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False Consciousness in Robinson Crusoe

In reading the previous posts is seems that everyone has latched onto the roles of Religion and Morality in the text. I completely agree that this can be read almost as a religious guide on how to live one’s life. Crusoe is continually announcing his many faults and claiming God as the only one who can truly save him. However, I see his transformation into dependence on religion as a last resort as it is really the only hope he has. In truly dire circumstances humans turn to the one thing they believe can save them (something all powerful with the ability to change any situation with the snap of a finger). He clung to this hope or savior simply because there was nothing else to cling to. Does anyone thing Crusoe would have gone through this transformation if he had not disobeyed his father and landed himself in this predicament. His religious consciousness is a false one (as personally I believe most are). He likens himself to Adam and Even as well as Job because it gives him a false comfort in a time when his reality is to harsh to bare. He starts to waiver from reality and believe that it is not the island he needs to be rescued from, but it is his own wrongdoings that have landed him there. This idea is probably represented best on page 83, “Now I began to construe the Words mentioned above, Call on me, and I will deliver you, in a different Sense from what I had ever done before; for then I had no Notion of any thing being call’d Deliverance, but my being deliver’d from the Captivity I was in; for tho’ I was indeed at large in the Place, yet the Island was certainly a Prison to me, and that in the worst Sense in the World; but now I learn’d to take it in another Sense: Now I look’d back upon my past Life with such Horrour, and my Sins appear’d so dreadful, that my Soul sought nothing of God, but Deliverance from he Load of Guilt that bore down all my Comfort: As for my solitary Life it was nothing; I did not so much as pray to be deliver’d from it, or think of it; It was all of no Consideration in Comparison to this: And I add this Part here, to hint to whoever shall read it, that whenever they come to a true Sense of things, they will find Deliverance from Sin a much greater Blessing, than Deliverance from Affliction.” Crusoe was driven to this believe through his circumstances and it is understandable that he came to this religious conclusion as it helped him make it through his time as a castaway, however, that does not make it real. But even if it is a false consciousness found in religion does Crusoe become a better person as a result of it? I am not a religious person whatsoever and I find Crusoe conversion to be a result of his circumstances, but I can’t decide if it is still false or wrong if it makes Crusoe a more deliberate person in the second half of the book which I kind of think it does.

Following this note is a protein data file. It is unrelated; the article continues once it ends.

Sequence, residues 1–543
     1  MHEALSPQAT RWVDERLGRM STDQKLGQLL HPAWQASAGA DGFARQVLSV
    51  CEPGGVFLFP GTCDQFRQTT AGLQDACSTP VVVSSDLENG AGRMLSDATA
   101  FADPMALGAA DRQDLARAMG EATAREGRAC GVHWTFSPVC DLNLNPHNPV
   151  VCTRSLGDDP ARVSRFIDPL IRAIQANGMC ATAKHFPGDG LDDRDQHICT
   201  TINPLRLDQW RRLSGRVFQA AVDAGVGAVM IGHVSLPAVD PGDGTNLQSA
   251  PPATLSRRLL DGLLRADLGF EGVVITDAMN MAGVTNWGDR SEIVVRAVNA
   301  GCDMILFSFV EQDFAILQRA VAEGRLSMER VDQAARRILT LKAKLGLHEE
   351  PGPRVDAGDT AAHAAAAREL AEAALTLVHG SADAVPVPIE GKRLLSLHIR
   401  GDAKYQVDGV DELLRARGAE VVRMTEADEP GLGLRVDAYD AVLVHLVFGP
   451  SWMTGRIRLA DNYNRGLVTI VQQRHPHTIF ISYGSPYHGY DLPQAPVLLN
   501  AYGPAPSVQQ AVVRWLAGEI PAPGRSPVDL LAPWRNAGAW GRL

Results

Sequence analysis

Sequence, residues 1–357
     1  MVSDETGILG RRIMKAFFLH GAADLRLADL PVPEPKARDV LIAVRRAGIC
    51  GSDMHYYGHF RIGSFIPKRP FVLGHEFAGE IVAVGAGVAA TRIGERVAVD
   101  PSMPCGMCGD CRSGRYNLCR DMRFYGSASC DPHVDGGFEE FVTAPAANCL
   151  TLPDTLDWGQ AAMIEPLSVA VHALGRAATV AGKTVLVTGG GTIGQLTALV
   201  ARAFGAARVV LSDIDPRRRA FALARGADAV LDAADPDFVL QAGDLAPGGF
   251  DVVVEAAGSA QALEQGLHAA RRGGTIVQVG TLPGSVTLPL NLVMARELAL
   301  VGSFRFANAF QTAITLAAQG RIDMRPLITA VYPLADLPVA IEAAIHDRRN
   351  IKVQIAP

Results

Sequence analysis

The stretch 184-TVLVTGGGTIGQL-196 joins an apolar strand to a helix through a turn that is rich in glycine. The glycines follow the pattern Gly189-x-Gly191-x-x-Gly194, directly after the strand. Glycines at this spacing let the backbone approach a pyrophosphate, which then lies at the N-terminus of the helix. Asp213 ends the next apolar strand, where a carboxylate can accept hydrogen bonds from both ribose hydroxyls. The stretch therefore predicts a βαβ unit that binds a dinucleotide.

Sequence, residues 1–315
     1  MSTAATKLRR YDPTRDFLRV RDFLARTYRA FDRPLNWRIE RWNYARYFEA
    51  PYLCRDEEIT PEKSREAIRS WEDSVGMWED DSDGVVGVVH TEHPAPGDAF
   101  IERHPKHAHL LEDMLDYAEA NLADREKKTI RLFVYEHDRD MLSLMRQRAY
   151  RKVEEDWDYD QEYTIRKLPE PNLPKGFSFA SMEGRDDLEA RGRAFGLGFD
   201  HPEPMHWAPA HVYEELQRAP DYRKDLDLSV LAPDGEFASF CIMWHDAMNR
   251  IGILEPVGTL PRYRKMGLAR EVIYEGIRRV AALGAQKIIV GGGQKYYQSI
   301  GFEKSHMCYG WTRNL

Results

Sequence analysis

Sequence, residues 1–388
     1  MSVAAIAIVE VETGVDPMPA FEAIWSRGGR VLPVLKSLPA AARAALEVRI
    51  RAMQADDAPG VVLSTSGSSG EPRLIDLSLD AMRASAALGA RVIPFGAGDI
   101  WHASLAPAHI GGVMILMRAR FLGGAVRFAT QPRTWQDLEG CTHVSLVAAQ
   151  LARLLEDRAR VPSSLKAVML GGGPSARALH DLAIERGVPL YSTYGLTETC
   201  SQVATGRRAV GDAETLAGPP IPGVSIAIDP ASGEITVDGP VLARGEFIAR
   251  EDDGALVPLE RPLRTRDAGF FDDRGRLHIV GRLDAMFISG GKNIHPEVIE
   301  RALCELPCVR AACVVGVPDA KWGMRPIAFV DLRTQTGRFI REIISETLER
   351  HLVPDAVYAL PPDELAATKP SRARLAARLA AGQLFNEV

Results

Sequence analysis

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4 thoughts on “False Consciousness in Robinson Crusoe